In 1971-72, when Apartheid caused cancellation of the South African tour, Australia entertained a very strong Rest of the World outfit. Though not a contest between traditional rivals, the series produced some sublime cricket – Dennis Lillee, flowing black mane and at the height of his bowling powers, destroyed the Rest of the World team in Perth. Lillee, with his delightfully smooth fast bowling action took 8 wickets for 29 runs in the first innings in Perth and the World eleven skipper, West Indian Garfield St. Aubrun Sobers scored a magnificent 254 in Melbourne. The innings of Sobers was the best batting performance that I have ever witnessed, an opinion shared by the great Sir Donald Bradman. The West Indian all rounder consistently square cut all bowlers with grace and venom to the boundary fence and 95% of those 254 runs must have come in boundaries. I loved cricket.
My fondness for cricket peaked with the 1974-75 Ashes series played in Australia. I must have watched every minute of that series. There was the erratic brutality of Jeff Thomson’s bowling, Tony Greig’s arrogant defiance, the supreme elegancy of Greg Chappell’s batting and a paunchy forty one year old Colin Cowdrey, trying to defy the pace attack of Dennis Lillee and the frightening Jeffrey Robert Thomson.
The high point of the series for me, was Doug Walters’ century in the session between tea and stumps in the second test at Perth. On that Saturday, I ended up being very late for a bank Christmas party, unable to drag myself away from the television. Robert George Dylan (“Bob”) Willis was bowling the last ball of the day to Walters who was on 97 and needing 6 runs to score a century in the final session.
In 2019, a batsman would be content to see out the last ball and maybe collect three singles on the following day to complete his hundred. “Caution” however, did not form part of the Doug Walter’s vocabulary. The six foot seven inch wiry haired Willis, who officially added Dylan to his name in tribute to the legendary singer / songwriter, hurled the ball in short to Walters. The one time Australian army conscript swiveled and hooked the ball somewhere in the direction of heaven’s door. These were the days of black and white television, one camera and certainly no high definition. As the ball disappeared off the face of Walter’s bat, TV viewers could only hope that it would clear the boundary rope. The ball did clear the rope by some margin and immediately hundreds of fans also cleared the rope in the other direction, to mob Kevin Douglas Walters. There may have been better technical batsmen than Walters, more prolific run scorers, but as an Australian cricketing folk hero, none have come close to matching the boy from the NSW town of Dungog.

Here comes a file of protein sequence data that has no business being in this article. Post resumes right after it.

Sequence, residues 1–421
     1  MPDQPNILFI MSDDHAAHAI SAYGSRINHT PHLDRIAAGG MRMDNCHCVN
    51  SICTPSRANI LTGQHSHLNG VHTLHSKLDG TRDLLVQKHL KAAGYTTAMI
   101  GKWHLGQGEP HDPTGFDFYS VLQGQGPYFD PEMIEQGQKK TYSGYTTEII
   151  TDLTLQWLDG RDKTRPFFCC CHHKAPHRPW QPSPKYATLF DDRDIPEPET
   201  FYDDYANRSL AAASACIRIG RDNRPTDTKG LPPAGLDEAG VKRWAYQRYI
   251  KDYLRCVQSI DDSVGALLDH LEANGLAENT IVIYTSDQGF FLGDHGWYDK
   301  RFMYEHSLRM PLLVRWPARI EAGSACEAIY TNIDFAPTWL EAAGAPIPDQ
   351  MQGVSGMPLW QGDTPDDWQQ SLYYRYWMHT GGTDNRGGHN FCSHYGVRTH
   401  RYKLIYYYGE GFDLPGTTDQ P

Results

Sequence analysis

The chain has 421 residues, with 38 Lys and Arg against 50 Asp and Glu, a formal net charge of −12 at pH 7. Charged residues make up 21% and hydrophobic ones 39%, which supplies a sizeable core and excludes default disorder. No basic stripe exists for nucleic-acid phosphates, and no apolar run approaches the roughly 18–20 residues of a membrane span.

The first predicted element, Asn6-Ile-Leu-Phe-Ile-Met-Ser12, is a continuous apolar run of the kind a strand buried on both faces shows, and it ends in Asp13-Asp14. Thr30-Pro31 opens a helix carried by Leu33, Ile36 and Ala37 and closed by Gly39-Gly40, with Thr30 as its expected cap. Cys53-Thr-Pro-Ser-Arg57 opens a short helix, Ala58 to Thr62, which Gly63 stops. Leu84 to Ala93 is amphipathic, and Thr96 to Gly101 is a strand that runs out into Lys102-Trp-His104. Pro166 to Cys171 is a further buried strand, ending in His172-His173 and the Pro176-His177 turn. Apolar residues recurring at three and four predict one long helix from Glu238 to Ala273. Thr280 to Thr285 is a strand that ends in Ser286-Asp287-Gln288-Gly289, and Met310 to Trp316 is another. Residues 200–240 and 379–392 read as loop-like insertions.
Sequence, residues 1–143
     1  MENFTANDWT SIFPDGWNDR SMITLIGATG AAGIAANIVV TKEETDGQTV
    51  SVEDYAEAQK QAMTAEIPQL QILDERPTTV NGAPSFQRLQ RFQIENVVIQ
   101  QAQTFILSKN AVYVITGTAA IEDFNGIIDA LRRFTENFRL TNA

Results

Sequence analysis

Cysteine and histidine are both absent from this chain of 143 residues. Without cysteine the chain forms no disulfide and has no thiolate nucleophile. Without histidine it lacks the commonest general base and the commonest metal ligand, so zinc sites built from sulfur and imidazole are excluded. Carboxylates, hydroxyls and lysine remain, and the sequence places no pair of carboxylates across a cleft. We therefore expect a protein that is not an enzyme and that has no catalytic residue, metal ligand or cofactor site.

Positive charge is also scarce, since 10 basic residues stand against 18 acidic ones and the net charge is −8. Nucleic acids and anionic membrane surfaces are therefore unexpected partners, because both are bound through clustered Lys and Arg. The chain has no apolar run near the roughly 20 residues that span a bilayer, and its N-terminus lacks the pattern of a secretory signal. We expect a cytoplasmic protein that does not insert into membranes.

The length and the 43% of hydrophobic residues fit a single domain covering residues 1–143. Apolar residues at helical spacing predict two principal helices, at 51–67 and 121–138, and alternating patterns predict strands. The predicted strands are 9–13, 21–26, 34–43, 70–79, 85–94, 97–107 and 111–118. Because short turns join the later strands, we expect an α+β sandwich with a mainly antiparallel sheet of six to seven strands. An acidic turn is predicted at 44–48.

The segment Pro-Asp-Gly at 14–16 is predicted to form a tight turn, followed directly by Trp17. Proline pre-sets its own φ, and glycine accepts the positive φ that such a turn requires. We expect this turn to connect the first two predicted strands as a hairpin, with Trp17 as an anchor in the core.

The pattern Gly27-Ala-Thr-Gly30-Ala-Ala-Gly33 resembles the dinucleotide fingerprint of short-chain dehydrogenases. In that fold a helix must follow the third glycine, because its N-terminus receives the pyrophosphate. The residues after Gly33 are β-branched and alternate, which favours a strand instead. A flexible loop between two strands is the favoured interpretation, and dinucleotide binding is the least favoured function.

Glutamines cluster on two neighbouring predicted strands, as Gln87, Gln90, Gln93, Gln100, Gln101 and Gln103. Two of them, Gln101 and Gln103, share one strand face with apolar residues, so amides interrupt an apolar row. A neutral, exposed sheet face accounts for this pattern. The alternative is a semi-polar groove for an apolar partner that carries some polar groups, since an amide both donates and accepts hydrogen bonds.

Cricket continued to be a major part of my life through the 1970’s and early 1980’s. I enjoyed the production line of superb West Indian fast bowlers and the imperious batting of Isaac Vivian Alexander (“Viv”) Richards. The Australians ultimately gained the upper hand over the calypso kings but despite the looming storm clouds of the World Series Cricket revolution, there was still a marvelous centenary test to be played in Melbourne against England in 1977. Among the many highlights of this game, was the plucky performance of one time Rural Bank of NSW colleague, Rick McCosker. The Australian opening batsman had his jaw broken in the first innings but batted at number 11 in the second innings, wired and bandaged up, to add a valuable 54 runs with Rodney Marsh for the last wicket.
Later that year, following the cricketing implosion created by Kerry Packer’s World Series Cricket, I remained loyal to the cricketing establishment. I discovered new heroes in the volatile fast bowler Rodney Hogg, dashing batsmen Peter Toohey and Kim Hughes and a forty one year old cricketing relic, Bobby Simpson. Simpson shrugged off ten years of retirement, returning to captain the “official” Australian team in a home series against India.
In the early 1980’s, the divide that was Australian cricket was eventually merged, but for me the damage to the game had been done. One day internationals of just fifty overs per team, had become an equal attraction to Test cricket for the public. Creams had given way to coloured clothing, bad light would not stop play as floodlights took over and the one hundred year old tradition of a cherry red cricket ball had been replaced by a white version that within ten overs was scuffed and discoloured. The behaviour of Australian cricketers continued to deteriorate and my love of cricket was on the decline.
Three or four month tours by the major cricket playing nations, including tussles with county or state teams were becoming rare. There was an abundance of one day 50 over matches, aimed at generating revenue, but these once exciting contests, had started to follow a predictable format. Too many meaningless matches staged and too many obscure, hastily named trophies offered. Many a one day international game had become boring between the 15th and 40th overs. Eventually, the authorities “fixed” this by creating 20/20 cricket, cutting out the tedium of the middle period, but we still had to suffer the never ending 50 over “ODI’s” to satisfy programming demands of the broadcasters and sponsors.